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A Horse Called NCLB

Publication Date: 2002-12-02

This is the beginning of a provocative commentary on NCLB. Read the rest at: http://www.pdkintl.org/kappan/k0211lew.htm Everyone should subscribe to Phi Delta Kappan. Do it today.

WHEN the horse dies, many school reformers advise riders to dismount. Don't buy a new whip, don't form a committee to study the horse, and don't blame horses. In other words, when things are not working, change them.

The same advice should be given to those who are riding a crazy horse that is galloping at full speed toward a cliff. Get off and find a mount that will get you where you want to go -- presumably not the bottom of a precipice, with you in a mangled heap.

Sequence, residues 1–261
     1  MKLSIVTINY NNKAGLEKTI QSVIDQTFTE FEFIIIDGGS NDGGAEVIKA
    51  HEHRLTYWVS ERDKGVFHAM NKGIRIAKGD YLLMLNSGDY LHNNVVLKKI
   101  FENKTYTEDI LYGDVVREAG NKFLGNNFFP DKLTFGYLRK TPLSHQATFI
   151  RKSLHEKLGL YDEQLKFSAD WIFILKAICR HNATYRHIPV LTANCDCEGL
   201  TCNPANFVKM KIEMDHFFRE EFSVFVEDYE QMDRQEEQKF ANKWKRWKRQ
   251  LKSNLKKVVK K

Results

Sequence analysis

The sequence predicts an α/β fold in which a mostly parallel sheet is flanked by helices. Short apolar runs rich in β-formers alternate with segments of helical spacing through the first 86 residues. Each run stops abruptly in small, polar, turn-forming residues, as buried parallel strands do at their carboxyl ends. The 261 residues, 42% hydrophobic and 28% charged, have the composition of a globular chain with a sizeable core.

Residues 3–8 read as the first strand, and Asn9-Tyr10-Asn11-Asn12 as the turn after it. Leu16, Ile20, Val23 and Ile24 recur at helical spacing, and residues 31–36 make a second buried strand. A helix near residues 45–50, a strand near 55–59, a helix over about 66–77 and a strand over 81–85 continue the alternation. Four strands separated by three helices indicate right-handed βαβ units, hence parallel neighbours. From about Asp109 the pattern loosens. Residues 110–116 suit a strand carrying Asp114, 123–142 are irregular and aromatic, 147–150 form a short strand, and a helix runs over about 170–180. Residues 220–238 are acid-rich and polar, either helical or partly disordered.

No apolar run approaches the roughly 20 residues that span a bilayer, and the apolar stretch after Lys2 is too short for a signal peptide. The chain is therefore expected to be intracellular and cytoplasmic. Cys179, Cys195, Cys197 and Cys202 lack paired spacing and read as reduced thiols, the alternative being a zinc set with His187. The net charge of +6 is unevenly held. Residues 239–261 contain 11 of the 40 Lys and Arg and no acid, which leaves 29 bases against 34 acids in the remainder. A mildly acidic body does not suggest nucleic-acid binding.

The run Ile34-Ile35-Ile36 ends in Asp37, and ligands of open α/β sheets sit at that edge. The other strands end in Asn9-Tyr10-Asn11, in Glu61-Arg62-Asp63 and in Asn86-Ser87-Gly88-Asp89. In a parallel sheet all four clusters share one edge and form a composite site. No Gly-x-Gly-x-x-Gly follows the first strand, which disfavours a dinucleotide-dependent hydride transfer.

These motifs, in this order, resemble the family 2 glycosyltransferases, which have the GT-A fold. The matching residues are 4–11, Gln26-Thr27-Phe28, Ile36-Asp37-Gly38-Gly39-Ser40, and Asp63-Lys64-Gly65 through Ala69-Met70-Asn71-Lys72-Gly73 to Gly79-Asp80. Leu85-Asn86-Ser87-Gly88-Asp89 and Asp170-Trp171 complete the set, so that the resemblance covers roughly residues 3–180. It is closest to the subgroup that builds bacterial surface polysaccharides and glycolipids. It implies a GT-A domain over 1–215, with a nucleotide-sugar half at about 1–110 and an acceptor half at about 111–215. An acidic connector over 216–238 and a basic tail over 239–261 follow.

The trouble is that one particularly crazy horse -- test-based accountability under the No Child Left Behind (NCLB) Act -- is being ridden by advocates for poor children and guardians of "rigorous standards" for all as if it were a Kentucky Derby winner instead of a maniac steed bent on self-destruction. Let's be brutally honest. The early evidence of the impact of NCLB's test-based accountability on the states indicates that it is undermining many good policies, fostering some bad ones, and creating resentments that will not ease until better policies are developed and put in place. The growing criticism of the policies does not mean that people reject the goals of the legislation or the goals of accountability per se. Rather, the criticism stems from a realization that current standardized, high-stakes testing narrows the whole enterprise of education and could halt the development of truly significant improvements in teaching and learning. . . .

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